VW Engineer Faces First Criminal Charge For Conspiracy in Diesel Emissions Fraud

A Volkswagen engineer has become the first employee to be indicted and to plead guilty on criminal charges over fraudulent emissions software, according to unsealed court documents.

VW engineer James Robert Liang pleaded guilty today in a conspiracy charge for playing a part in rigging emissions software in 2.0-liter diesel cars sold in the U.S.  In June, he’d been named in a grand jury indictment filed with the U.S. District Court in Detroit and that was unsealed by the court today.

Liang pleaded guilty to a single charge of conspiracy to commit fraud against the U.S. government and VW customers, and for violating the Clean Air Act. The plea agreement also includes Liang being willing to cooperate with the U.S. government’s investigation into the diesel emissions fraud investigation, according to the Justice Department.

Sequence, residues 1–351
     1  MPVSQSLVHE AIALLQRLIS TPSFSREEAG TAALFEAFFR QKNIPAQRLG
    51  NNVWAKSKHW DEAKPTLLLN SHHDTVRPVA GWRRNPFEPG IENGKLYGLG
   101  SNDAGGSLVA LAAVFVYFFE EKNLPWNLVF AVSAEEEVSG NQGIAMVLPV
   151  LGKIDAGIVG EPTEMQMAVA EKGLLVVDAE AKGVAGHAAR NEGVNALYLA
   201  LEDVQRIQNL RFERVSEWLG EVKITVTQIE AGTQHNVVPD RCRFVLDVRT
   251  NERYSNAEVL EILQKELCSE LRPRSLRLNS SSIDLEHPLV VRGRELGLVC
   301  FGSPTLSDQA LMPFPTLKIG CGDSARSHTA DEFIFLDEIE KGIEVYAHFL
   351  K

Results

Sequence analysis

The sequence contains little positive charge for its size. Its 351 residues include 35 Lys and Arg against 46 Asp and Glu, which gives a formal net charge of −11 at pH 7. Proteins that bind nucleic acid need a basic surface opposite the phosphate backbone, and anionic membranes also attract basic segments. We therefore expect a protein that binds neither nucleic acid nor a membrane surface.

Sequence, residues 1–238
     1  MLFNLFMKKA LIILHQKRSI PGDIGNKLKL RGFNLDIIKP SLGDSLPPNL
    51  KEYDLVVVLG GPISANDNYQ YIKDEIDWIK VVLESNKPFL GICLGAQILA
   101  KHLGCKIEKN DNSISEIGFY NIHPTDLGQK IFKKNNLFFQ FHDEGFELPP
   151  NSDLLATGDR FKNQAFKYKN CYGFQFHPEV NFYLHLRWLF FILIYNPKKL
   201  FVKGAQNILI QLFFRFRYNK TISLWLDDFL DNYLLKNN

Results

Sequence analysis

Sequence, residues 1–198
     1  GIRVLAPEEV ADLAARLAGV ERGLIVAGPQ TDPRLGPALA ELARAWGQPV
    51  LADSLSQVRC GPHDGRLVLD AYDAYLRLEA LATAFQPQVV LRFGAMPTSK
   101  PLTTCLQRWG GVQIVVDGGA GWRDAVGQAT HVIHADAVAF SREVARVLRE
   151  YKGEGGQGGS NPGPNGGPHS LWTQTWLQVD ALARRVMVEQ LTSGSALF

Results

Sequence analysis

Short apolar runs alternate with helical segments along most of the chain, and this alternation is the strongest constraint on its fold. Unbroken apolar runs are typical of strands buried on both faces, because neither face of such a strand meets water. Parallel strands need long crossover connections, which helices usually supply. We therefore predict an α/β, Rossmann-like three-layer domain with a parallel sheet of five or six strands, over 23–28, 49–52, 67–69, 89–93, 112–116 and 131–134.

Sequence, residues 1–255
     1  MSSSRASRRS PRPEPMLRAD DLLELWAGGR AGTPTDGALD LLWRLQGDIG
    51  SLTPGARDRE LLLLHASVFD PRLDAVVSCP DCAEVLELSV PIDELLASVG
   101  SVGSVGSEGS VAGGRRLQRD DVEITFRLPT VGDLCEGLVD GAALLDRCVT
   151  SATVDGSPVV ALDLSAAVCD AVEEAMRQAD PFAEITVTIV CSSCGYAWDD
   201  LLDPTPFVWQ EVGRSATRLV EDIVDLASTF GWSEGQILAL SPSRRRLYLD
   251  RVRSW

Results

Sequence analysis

A conspiracy charge does indicate that other VW employees will face criminal charges by the U.S. government. Higher-ranking VW officials will face increasing pressure, according to the Automotive News story.

“Liang and his co-conspirators, including current and former employees, and others, agreed to defraud the U.S. and VW customers, and violate the Clean Air Act, by misleading the U.S. and VW customers about whether VW diesel motors complied with U.S. emissions standards,” prosecutors said in the indictment.

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The investigation is covering the time period of fall 2006 to September 2015, according to the court document.

Liang faces a maximum penalty of five years in prison when sentenced. He was part of the team that developed the EA 189 2.0-liter diesel TDI engine used in several VW models included in the investigation.

Automotive News